Like the idea of guaranteed income?

Give up the portfolio and wait for a cheque in the mail - is it worth it? Annuities for Canadians can mean different things, says Morningstar's David Blanchett

Ruth Saldanha 2 April, 2020 | 1:21AM
Facebook Twitter LinkedIn



Ruth Saldanha: At the recently held Morningstar Executive Forum in Toronto panellists discussed products that retirees find useful. And top among them were reverse mortgages and annuities. To discuss annuities, Morningstar Investment Management's Head of Retirement Research David Blanchett is here today.

David, thank you so much for being here today.

David Blanchett: Thanks for having me.

Saldanha: To start up with, what exactly is an annuity?

Blanchett: Sure. So, the word annuity means different things in different locations. What its most common traditional form is a promise from an insurance company to pay someone some kind of income for life. So, you transfer some amount of wealth, and they guarantee you as long as you're alive, they'll give you a paycheck effectively.

Saldanha: So, for investors, what kind of investor should consider annuities?

Blanchett: So, I think that there's a lot of benefits to annuitization for retirees. I think that a key is that it really simplifies the income process. So, when you retire and you have your savings, there's all these uncertainties. There's how long you're going to live, there's what is the return of the market, what can I afford to withdraw from my portfolio. Annuity simplifies that. And so, I think that the individuals that like that certainty, are going to live a long time, those are the folks that should really think about transforming their wealth from the asset into that annuity.

Saldanha: Assuming an investor wants to buy an annuity, how much should they buy?

Blanchett: So, there's no one right answer for everyone. I think that in the U.S. one of the most common perspectives that we take, or just in general, is to think about how much income do you have to have for life. And so, this is called like, what are your nondiscretionary expenses, whatever else it is. And so, you ask yourself as a retiree, what do I need to have regardless of how the markets perform every year as long as I'm alive. And I think that's a good starting point. So, think of your base pension benefits and then ask yourself, okay, how much more, you know, top of that, just to make sure I'm okay. And that to me is like a starting place because in reality, people could annuitize a lot more than that. If you're going to live longer than average, if you like the idea of the guaranteed income, you could annuitize almost all of your wealth. So, I think that it's really a personal decision. But the starting place is, what do I need guaranteed for life and make sure you have that in some form of an annuity.

Saldanha: For Canadians in particular, we have the Canada Pension Plan, which is an annuity-like product. Should that income also be considered while making these decisions? Should that be a factor?

Blanchett: Definitely. And so, again, it's what are all of your existing sources of guaranteed income? You could have a private pension through your employer, you could have this – you have CPP benefits. Whatever you've got, you know, add those up. And then, compare that to what you need or want to have every year and then that difference is kind of the starting place for how much to think about annuitizing.

Saldanha: Deferred versus immediate, how should I differentiate between the two?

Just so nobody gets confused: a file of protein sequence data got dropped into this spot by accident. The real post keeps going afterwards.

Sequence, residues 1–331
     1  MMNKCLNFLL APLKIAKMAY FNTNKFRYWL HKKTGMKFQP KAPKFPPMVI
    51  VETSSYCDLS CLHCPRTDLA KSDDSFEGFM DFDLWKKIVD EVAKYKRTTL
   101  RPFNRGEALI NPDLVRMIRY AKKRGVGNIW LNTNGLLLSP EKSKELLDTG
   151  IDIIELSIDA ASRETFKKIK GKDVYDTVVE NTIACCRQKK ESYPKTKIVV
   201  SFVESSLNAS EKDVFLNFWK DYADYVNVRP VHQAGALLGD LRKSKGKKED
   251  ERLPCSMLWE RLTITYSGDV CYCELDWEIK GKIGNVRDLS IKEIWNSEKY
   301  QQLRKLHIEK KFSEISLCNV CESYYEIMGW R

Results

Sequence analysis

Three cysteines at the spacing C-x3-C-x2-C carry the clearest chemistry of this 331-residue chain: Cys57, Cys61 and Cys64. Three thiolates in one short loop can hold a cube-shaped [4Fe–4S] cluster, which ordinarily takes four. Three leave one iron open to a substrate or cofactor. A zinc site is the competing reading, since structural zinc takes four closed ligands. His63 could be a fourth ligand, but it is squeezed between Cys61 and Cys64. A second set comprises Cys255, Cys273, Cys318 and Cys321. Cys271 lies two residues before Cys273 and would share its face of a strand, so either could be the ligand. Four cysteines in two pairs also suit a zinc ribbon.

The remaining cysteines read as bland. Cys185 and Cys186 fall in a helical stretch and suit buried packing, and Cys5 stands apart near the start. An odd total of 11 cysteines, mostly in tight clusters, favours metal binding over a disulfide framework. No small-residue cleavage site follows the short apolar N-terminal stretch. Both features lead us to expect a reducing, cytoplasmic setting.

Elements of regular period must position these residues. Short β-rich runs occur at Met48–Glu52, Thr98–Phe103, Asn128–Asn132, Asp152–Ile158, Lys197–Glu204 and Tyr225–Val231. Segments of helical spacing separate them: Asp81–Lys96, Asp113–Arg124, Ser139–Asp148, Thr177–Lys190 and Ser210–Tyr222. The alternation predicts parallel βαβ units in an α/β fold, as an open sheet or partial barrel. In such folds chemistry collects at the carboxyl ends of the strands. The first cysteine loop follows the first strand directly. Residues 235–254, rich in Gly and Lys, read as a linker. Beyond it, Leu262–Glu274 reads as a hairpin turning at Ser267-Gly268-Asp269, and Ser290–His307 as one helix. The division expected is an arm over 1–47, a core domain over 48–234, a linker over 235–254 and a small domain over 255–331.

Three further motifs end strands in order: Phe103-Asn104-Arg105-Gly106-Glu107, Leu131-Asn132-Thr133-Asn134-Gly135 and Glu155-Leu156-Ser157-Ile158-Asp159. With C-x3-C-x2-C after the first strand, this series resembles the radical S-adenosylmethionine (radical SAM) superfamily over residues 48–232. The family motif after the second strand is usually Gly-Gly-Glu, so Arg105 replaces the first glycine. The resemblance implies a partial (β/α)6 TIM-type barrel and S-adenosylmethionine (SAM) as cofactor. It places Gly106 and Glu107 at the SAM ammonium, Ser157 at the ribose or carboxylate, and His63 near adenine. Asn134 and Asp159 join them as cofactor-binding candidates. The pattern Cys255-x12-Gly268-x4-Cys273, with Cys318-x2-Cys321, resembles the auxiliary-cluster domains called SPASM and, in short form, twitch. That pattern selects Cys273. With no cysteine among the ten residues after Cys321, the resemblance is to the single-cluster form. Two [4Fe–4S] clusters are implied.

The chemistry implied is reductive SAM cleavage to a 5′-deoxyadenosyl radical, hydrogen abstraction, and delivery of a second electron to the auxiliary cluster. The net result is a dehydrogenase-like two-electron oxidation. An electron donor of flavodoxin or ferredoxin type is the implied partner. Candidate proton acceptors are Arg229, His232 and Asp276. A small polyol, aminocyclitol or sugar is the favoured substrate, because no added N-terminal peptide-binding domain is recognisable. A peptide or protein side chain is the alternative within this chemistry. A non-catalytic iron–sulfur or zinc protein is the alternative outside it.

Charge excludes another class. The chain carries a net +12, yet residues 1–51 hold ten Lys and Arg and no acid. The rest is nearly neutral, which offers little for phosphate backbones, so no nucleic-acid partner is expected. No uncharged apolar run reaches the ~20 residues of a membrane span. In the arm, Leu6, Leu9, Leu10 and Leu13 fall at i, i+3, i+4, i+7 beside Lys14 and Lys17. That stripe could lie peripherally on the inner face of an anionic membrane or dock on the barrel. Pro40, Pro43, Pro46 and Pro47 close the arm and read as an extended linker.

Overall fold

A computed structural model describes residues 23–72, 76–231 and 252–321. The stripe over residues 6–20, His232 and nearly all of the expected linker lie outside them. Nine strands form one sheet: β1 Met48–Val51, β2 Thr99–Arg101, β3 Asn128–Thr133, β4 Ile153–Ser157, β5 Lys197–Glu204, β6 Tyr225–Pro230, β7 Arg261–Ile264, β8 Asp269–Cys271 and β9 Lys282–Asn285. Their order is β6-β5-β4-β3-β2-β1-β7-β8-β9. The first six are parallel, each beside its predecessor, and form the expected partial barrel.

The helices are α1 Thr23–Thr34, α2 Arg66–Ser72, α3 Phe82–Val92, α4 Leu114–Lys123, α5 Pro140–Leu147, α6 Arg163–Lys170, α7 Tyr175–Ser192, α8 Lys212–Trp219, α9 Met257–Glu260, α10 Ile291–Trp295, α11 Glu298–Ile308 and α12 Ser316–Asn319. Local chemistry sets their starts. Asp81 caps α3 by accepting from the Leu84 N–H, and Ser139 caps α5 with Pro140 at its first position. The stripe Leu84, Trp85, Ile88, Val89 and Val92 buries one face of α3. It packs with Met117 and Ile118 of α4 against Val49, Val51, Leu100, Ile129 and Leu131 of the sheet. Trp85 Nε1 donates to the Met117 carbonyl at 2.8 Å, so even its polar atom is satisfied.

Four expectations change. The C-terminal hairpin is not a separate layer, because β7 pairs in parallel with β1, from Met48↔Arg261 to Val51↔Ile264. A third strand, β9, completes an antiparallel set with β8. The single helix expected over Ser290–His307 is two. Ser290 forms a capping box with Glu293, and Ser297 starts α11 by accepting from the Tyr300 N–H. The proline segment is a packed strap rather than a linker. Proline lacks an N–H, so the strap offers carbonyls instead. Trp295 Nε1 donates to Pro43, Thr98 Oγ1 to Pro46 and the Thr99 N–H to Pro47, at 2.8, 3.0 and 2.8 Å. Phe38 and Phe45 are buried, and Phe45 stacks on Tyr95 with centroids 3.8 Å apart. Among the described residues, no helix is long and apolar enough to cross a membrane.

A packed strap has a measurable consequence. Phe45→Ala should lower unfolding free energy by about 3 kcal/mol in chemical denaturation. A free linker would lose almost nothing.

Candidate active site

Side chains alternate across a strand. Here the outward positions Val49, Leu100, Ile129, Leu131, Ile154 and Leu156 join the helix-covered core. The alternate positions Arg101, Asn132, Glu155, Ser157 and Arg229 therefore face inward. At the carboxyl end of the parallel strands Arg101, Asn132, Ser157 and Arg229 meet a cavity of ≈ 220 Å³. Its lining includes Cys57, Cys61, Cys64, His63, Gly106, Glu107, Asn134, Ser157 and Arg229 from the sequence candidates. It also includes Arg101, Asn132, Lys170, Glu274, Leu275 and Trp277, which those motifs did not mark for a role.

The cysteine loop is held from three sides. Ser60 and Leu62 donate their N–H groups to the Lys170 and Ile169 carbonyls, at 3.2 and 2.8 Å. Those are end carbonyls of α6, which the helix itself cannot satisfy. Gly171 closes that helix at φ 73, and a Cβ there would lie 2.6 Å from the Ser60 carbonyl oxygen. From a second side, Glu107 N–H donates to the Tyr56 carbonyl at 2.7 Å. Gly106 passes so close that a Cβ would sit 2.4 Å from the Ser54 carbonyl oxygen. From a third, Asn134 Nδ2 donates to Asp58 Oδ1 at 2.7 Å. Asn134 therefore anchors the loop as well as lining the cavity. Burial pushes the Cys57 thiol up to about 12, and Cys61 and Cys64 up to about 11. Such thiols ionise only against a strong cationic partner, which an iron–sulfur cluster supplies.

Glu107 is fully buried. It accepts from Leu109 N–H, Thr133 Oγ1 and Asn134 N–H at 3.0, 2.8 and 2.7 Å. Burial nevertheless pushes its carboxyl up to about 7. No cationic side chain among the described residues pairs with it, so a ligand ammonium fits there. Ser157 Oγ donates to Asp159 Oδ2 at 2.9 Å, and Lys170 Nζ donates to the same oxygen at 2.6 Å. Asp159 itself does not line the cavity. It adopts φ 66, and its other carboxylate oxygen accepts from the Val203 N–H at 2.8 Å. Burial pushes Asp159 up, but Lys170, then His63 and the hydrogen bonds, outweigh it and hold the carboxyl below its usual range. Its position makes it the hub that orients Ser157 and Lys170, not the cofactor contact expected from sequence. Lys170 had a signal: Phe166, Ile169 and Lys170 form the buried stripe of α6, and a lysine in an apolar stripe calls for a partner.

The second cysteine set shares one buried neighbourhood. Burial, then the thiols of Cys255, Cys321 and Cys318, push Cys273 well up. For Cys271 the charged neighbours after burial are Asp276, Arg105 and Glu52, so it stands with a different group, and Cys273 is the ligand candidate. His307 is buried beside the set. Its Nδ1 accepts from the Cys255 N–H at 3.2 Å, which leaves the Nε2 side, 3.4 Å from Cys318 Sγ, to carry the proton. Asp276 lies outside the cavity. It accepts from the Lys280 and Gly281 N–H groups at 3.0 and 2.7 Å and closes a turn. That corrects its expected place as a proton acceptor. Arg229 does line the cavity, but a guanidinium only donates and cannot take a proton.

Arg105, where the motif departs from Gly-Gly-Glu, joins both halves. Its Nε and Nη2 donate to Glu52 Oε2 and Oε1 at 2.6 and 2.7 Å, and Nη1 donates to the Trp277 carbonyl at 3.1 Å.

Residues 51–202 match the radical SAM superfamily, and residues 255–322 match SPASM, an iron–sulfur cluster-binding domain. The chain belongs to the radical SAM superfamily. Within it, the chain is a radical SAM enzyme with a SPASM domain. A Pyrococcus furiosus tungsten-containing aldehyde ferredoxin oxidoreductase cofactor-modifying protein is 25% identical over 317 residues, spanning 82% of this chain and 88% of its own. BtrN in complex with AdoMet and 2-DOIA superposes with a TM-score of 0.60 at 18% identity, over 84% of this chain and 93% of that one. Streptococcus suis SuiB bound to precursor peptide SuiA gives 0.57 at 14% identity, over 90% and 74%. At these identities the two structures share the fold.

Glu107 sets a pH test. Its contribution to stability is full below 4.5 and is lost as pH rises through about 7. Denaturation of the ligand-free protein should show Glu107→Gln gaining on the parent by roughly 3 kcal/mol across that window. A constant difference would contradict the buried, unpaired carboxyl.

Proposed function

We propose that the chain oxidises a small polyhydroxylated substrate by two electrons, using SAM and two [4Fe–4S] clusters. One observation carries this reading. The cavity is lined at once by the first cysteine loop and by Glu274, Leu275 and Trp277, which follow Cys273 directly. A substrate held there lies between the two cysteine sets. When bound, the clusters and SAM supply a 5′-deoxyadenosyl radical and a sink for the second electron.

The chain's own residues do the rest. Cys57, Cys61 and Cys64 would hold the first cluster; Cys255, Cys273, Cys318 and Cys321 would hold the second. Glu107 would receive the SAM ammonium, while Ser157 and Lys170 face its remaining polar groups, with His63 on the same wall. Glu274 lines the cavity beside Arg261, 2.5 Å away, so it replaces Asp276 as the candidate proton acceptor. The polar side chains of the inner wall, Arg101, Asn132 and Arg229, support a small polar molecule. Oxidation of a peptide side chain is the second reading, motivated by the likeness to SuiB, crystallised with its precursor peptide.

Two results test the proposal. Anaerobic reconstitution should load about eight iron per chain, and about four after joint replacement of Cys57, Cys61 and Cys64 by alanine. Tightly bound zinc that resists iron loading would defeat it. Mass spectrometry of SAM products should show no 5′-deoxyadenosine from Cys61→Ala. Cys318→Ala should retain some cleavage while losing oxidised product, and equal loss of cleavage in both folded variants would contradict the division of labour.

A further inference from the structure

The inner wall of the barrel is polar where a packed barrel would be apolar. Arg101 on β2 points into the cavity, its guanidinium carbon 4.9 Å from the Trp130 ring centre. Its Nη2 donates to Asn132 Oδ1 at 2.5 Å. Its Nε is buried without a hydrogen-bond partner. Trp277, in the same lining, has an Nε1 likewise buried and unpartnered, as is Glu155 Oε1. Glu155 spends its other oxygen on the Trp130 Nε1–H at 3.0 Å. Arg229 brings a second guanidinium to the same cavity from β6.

Blanchett: Sure. So, academics love deferred annuities, because, for most people the risk of going broke isn't that you will go broke tomorrow or in five years. It's that some point in the future if markets misbehave or I'm still alive, when could I be out of money? And I think that that's the kind of the most natural place to think about when annuity should start. That's called a longevity insurance, deferred income annuity. The immediate annuity starts as soon as you buy the annuity, like, the next day, the next month, whatever it is. And I think that they can work too, because, again, they simplify the process of lifetime income. And so, deferred annuity makes the most sense, if you want to just say, hey, you know, at some age, I want to make sure no matter what happens in the markets, I'm taken care of. The immediate annuity would be more for someone that wants to have that guaranteed base starting as soon as possible.

Saldanha: Finally, annuities are generally considered for older investors, but as a young investor, at what stage should I start thinking about it and thinking about making this decision?

Blanchett: Right. So, I mean, you're not going to probably want to buy an immediate annuity when you're like 35-years-old. I think that as you approach retirement, they become a better thing to think about purchasing because you need more certainty about when you're going to retire, what your assets are, what your goals are, et cetera. I mean, in theory, you could buy a deferred income annuity at the age of 50 to start at the age of 90 if it's available. But I mean, we typically think about offering them or advising it to them maybe 10 years out from retirement. But even then, I think that you can think about what it could mean to you to fund retirement as early as you want to, but seriously, think about buying one as you're moving into retirement because that's when, again, you have a better sense of what you can accomplish, what your assets are, et cetera.

Saldanha: Thank you so much for joining us today, David.

Blanchett: Thanks for having me.

Saldanha: For Morningstar, I'm Ruth Saldanha.

Facebook Twitter LinkedIn

About Author

Ruth Saldanha

Ruth Saldanha  is Editorial Manager at Follow her on Twitter @KarishmaRuth.


© Copyright 2024 Morningstar, Inc. All rights reserved.

Terms of Use        Privacy Policy       Disclosures        Accessibility